PvP is important in these MMO games. A level playing field is important for this, so that people don’t feel cheated. The argument against the ability to “buy power” often hinges on this concept. I think it’s a fair complaint. That said, I do think that a well-designed game should allow players to reach a fair plateau of competition via either the time route or by buying their way there. Purchasable items should be available to acquire via time spent, and vice versa. That’s part of why the PP model of a currency exchange and open auction is such a brilliant setup; the players naturally find a balance between the time vs. money positions. Demand and supply balance out, creating relatively fair prices for goods, so why not services?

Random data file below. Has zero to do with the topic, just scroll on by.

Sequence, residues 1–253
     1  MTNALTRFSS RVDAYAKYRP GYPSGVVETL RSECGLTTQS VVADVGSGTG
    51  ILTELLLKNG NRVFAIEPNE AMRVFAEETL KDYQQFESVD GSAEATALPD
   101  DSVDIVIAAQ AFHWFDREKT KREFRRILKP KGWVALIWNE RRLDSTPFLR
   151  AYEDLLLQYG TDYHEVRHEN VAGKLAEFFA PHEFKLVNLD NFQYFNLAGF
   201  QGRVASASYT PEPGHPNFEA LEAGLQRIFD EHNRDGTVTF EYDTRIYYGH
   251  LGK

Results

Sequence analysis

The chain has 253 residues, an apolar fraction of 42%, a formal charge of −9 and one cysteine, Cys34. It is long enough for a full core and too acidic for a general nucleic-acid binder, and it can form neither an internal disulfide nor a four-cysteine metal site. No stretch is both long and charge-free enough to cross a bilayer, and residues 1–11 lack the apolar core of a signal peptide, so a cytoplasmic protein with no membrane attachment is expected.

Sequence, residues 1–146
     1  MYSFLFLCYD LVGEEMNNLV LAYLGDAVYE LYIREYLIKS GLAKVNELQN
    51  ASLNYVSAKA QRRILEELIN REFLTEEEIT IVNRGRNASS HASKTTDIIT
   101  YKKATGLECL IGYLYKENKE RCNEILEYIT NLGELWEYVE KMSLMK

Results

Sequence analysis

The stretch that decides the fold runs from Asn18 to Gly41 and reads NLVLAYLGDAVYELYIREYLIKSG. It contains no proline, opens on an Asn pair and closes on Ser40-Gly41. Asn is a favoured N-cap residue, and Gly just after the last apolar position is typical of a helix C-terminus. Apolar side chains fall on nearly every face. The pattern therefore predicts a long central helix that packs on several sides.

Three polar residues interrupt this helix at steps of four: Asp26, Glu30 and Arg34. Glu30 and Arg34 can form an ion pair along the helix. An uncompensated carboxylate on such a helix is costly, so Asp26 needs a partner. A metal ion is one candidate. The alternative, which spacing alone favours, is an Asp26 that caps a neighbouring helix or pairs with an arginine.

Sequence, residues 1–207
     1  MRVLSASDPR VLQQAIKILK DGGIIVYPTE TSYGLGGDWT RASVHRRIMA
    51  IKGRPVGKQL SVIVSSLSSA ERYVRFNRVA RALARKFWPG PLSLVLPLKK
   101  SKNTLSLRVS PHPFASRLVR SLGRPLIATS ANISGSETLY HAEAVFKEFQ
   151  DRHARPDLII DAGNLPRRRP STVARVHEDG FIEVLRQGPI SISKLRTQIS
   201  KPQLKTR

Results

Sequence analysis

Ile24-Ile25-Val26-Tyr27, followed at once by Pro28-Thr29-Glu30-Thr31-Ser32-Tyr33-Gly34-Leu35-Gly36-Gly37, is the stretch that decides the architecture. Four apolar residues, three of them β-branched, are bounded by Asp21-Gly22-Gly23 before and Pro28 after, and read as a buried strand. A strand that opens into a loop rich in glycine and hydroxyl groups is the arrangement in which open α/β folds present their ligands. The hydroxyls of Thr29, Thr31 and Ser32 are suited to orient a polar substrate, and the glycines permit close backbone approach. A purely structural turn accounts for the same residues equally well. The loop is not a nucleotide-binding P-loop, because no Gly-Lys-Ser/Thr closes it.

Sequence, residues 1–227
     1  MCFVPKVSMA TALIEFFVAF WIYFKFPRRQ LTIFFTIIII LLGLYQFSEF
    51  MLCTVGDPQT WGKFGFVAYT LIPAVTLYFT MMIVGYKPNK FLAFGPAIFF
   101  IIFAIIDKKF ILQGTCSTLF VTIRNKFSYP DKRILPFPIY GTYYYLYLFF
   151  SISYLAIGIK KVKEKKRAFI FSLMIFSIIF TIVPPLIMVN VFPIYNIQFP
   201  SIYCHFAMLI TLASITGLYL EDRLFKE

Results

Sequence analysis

To be fair, such would require a retooling of the core design of WoW. It’s primarily a level/loot treadmill. PvE solo players shouldn’t really care about what other players have, but when there’s an interaction between players (either PvE group raiding or PvP), fairness will inevitably come to the fore. Even so, if itemization were keyed fairly strictly to levels, it would keep the power band focused, and players within a level or two of each other wouldn’t be able to even have huge advantages in the first place, whether or not they were purchased with time or money. Of course, if the power band were narrowed even further, like Guild Wars’ instant max level PvP, it really wouldn’t matter how players got there since the playing field would be largely even, and success would be dependent on player skill.
So making microtransaction play “fair” with subscription play would require tight power controls. It’s possible, but it would require attention. Even so, it’s not impossible. Also, that’s just looking at it from a competition standpoint. What if the monetization of the game is driven by cosmetic purchases?